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Opinion: Thomas Müller’s miss at Euro 2020 will not define him

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A tying goal from Müller would have brought Germany back into the game and made England nervous; it didn’t happen. However, that doesn’t change what the Bavarian superstar stands for.

England v Germany - UEFA Euro 2020: Round of 16 Photo by Marc Atkins/Getty Images

When a Bayern Munich coach does not like Thomas Müller, he usually gets fired or resigns. Think back to the two Bayern coaches who won it all — they trusted and had strong relationships with Müller. Pep Guardiola was confused but came around to it too.

With Julian Nagelsmann taking over at Bayern today, there will be a Bavarian leading the club — except — a Bavarian has been leading the club for the past decade or so. A young Müller was introduced to the Bayern fans by Jürgen Klinsmann before bursting onto the scene under Louis Van Gaal in 2009-10. He was special; he loved the club; the club loved him back; the fans absolutely adored him.

And he never stopped being special. He went on to claim both the Golden Boot and the Best Young Player Award at the FIFA World Cup in 2010. In 2014, he claimed the Silver Boot and the Silver Ball. In between, he scored a goal in a Champions League final and won a treble. He represented everything good about Bayern. It was hard not to adore him, especially considering he was an unconventional player.

Then came Pep Guardiola; Guardiola likes his players stylish and Müller is anything but. He was confused but, by the time he was in his final year at Bayern, he knew Müller was his guy. Carlo Ancelotti followed and tried to integrate James Rodrigues into the team; he was fired in his second season. Eventually, Niko Kovac came along and he too tried to integrate a fancy playmaker in Philippe Coutinho into the side.

Meanwhile, Müller, slightly off-color, sat on the bench and watched. Nobody could quite do what he could on the pitch for Bayern. He made it all tick. And without him, Bayern wasn’t going to win the Champions League again. Hansi Flick knew that. And it is no coincidence that with Müller’s rise came Bayern’s rise.

That’s how things have worked in Bavaria since 2009.

He was never known to be a clinical finisher and he was never quite a false nine — Louis van Gaal tried it but realized Ivica Olic was a better option up front with Mülli right behind him. Müller took the pitch between two stylish and classy players in Arjen Robben and Franck Ribery; he never looked out of place. He found the spaces and made the runs. And until perhaps 2020, nobody quite appreciated his talents as much as they should. Even Joachim Löw had to call the Raumdeuter (space-interpreter) back into his team.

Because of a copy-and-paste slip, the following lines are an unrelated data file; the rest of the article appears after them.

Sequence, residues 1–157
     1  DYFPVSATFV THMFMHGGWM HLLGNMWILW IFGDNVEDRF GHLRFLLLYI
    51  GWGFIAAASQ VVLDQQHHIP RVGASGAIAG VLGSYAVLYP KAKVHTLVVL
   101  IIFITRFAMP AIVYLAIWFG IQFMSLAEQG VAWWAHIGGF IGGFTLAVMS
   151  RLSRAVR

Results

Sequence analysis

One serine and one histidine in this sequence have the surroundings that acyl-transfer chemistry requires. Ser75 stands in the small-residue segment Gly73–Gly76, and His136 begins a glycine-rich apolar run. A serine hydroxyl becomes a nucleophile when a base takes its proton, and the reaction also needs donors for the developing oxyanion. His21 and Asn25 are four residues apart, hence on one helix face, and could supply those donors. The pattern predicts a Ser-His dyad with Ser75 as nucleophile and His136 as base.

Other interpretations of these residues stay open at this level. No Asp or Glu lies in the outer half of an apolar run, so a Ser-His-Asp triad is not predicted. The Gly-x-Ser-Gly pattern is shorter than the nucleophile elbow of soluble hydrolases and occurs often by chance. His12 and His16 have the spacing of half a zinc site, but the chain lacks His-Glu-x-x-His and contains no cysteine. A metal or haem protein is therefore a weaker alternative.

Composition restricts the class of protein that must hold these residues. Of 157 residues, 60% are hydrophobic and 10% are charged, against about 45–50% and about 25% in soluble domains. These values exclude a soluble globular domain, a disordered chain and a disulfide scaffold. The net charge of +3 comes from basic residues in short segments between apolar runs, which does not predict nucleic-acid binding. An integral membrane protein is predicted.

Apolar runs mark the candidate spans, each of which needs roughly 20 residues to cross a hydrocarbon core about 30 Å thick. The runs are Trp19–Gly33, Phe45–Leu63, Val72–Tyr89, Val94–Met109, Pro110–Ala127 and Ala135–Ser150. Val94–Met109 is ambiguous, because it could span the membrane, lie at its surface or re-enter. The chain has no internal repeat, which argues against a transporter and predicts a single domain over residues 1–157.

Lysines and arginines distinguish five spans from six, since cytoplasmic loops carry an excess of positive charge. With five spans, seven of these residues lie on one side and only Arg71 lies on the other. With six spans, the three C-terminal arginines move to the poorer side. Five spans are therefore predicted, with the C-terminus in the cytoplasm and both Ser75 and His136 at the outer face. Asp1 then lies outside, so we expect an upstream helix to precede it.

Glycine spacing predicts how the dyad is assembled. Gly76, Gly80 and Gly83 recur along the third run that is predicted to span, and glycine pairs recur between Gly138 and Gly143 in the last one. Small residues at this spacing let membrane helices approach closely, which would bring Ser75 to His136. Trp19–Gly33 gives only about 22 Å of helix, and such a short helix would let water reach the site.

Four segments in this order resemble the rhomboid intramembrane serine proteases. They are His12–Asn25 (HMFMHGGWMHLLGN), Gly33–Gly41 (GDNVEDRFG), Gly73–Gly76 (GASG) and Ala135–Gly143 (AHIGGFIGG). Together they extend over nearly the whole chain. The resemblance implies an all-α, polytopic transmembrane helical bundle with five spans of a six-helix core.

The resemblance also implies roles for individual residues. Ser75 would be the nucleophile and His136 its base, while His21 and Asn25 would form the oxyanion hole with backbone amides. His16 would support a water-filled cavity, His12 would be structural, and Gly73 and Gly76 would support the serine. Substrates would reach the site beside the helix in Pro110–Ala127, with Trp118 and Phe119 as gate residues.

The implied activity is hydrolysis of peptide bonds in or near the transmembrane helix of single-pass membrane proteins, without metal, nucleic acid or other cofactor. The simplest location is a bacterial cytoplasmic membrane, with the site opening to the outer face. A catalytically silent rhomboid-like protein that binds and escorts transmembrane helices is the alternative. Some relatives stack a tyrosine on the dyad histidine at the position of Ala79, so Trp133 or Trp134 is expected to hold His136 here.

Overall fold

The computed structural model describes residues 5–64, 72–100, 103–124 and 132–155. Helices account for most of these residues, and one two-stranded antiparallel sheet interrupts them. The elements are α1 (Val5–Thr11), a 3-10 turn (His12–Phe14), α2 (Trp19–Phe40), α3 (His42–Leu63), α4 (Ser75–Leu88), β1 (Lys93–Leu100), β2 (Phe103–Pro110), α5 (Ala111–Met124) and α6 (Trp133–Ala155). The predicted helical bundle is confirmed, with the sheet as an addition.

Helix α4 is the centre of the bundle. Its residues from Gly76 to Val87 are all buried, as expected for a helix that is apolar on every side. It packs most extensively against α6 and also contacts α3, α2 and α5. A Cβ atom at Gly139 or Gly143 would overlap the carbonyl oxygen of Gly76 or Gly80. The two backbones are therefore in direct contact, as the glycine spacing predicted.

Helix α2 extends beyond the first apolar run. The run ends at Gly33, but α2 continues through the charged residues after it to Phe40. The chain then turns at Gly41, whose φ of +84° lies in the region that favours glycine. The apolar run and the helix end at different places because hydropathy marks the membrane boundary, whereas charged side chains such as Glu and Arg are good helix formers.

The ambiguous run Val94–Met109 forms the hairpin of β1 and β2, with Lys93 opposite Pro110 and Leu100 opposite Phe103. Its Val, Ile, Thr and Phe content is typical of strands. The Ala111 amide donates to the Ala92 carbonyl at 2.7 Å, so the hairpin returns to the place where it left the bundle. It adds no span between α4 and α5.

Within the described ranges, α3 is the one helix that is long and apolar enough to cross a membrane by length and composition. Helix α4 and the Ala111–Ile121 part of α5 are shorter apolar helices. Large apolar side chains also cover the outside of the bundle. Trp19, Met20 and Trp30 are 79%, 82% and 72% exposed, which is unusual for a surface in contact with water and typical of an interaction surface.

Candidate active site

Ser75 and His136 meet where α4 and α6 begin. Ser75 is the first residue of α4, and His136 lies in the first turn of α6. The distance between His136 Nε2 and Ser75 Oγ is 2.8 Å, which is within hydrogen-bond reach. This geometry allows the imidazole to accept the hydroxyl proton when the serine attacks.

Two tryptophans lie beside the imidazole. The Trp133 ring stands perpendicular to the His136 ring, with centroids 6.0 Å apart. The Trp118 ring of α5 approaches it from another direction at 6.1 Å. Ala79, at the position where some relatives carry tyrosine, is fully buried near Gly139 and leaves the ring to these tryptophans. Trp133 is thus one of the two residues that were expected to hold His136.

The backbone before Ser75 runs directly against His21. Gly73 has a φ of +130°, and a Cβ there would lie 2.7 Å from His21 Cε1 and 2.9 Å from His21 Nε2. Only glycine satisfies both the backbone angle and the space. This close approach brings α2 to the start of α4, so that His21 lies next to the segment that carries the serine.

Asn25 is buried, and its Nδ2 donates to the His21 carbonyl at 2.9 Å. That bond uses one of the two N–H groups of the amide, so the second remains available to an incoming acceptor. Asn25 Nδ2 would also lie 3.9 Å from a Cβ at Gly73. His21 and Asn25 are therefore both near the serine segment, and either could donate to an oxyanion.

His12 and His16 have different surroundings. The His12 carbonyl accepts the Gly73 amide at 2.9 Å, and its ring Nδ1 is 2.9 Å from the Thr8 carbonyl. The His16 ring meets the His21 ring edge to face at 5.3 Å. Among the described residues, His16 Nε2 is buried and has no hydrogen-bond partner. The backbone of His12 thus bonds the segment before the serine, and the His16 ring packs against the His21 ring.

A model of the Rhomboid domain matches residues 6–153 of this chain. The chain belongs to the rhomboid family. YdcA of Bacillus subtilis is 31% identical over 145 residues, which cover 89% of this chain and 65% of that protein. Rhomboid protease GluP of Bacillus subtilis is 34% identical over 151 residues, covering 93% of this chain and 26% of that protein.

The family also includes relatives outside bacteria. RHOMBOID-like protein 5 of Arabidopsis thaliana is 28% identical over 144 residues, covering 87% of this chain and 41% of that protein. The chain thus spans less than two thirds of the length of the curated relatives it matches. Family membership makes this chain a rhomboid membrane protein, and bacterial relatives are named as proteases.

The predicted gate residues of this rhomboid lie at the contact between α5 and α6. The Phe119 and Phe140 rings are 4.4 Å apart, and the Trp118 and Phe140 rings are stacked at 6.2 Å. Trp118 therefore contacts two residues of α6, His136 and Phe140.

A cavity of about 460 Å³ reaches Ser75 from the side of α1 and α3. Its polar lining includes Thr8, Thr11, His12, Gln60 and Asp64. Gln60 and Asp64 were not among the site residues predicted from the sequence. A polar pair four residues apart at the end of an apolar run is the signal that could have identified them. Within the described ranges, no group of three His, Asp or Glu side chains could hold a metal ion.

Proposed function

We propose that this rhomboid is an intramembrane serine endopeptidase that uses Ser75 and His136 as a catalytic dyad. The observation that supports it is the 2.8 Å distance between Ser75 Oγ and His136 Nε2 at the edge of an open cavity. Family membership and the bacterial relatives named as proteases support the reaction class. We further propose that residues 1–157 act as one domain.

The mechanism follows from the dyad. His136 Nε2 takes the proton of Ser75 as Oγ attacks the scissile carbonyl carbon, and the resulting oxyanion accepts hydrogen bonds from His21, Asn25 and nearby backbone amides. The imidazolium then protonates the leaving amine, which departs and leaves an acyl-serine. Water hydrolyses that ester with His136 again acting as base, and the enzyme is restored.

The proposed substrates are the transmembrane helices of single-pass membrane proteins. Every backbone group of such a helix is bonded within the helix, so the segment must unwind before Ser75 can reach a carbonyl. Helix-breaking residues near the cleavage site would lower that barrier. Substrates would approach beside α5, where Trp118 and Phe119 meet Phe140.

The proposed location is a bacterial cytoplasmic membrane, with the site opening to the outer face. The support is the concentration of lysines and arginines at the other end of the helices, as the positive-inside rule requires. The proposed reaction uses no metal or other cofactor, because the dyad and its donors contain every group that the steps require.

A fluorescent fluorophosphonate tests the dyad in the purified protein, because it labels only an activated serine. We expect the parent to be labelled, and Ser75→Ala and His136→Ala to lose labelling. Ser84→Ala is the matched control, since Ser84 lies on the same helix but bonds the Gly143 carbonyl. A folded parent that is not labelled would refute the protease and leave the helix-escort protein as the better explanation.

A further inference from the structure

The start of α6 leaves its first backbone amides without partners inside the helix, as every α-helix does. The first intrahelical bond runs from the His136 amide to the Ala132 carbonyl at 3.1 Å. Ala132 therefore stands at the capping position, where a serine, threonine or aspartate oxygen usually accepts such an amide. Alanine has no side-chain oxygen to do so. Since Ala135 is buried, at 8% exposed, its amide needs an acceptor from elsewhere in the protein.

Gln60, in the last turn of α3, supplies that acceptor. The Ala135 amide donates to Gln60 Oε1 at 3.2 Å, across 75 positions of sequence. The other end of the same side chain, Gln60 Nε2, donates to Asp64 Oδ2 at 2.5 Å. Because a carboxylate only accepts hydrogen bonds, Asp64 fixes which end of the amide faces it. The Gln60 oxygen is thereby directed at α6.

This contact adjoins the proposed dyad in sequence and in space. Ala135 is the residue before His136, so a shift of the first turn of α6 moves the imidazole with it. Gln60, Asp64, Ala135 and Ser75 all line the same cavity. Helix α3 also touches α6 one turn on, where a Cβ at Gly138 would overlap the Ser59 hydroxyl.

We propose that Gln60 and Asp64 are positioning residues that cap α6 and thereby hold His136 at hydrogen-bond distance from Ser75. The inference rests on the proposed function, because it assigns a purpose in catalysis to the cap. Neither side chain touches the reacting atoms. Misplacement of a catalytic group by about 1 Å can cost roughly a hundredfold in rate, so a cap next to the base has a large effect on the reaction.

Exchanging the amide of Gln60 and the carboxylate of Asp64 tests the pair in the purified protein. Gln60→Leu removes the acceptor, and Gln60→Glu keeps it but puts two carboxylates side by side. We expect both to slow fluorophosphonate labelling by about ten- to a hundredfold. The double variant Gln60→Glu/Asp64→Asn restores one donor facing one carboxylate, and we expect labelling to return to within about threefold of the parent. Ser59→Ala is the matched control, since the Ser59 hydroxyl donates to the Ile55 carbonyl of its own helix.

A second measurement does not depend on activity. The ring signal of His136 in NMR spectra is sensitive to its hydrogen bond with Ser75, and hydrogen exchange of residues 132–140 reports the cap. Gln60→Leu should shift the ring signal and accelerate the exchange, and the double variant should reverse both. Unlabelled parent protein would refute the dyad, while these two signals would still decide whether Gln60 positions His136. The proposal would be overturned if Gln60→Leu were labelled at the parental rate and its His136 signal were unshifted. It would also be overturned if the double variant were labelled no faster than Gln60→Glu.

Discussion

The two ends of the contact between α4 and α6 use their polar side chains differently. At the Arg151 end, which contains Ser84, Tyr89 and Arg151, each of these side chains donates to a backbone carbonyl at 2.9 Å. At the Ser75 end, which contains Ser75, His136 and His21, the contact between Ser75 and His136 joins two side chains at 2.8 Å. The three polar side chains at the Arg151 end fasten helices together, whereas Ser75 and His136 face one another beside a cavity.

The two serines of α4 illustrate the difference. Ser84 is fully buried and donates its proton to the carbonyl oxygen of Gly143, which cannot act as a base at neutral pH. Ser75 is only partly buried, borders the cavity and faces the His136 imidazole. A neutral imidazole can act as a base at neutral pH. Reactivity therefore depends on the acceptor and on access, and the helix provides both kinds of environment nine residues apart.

And that’s why his legacy will not be defined by that miss against England in Euro 2020. He has made a career out of being unconventional and intelligent. He has made one of the greatest clubs in the world tick; he has helped his country to numerous medals, but, most notably, gold medals at the World Cup in 2014. He has won it all and he has been a vital part of all his teams that have won the highest of honors.

Even without being the best finisher, he is tied for the ninth highest scorer in European Cup/Champions League history with the likes of Andriy Shevchenko and Alfredo di Stefano; he is only two goals behind Thierry Henry.

And most of all, throughout all this, he maintains a close connection to his roots and he represents the very essence of Mia San Mia. He has dug out Bayern in Champions League ties time and again; he never stops trying. Even against England, he was urging a lethargic Germany forward and he wasn’t even fully fit.

Thomas Müller far eclipses a miss in a Round of 16 Euros tie. He will, if things go the way that they have been going, go down as one of the most decorated one-club players in history.

Due to his humility, he came out and apologized thoroughly for his miss. But the latest news is that he will be at one of his favorite tournaments, the FIFA World Cup, next year.

And I am sure that he will not only make amends but lead the side, especially under a manager who understands his worth, unlike many before who did not.


Do you think Müller’s miss against England will define his legacy? Leave your comments below and, as always, thank you so much for reading!